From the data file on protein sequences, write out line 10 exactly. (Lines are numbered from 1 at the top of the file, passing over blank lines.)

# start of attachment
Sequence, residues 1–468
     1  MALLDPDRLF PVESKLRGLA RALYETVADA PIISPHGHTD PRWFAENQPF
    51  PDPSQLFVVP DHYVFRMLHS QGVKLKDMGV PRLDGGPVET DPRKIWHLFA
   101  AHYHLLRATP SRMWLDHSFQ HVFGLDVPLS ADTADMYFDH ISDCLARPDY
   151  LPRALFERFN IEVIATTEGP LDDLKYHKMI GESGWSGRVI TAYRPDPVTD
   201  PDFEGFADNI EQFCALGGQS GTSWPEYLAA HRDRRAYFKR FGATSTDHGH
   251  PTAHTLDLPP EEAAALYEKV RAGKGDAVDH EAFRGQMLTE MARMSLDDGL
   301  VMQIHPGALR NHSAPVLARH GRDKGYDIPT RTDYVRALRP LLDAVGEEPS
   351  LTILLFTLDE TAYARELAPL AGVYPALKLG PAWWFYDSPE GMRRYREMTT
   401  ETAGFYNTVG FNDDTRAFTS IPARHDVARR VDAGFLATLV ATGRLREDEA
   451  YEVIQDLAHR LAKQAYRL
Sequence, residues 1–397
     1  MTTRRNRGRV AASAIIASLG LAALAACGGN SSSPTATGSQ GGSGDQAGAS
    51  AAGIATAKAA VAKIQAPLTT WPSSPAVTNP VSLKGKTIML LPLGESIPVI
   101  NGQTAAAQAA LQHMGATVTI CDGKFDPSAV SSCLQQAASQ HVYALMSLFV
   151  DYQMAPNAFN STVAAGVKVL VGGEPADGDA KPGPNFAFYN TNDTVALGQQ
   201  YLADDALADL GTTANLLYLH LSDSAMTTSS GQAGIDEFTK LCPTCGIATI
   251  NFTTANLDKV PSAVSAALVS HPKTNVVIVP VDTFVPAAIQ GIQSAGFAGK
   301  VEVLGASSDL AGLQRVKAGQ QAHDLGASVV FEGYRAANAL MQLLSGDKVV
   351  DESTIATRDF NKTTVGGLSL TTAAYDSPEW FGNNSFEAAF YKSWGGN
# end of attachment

   401  ETAGFYNTVG FNDDTRAFTS IPARHDVARR VDAGFLATLV ATGRLREDEA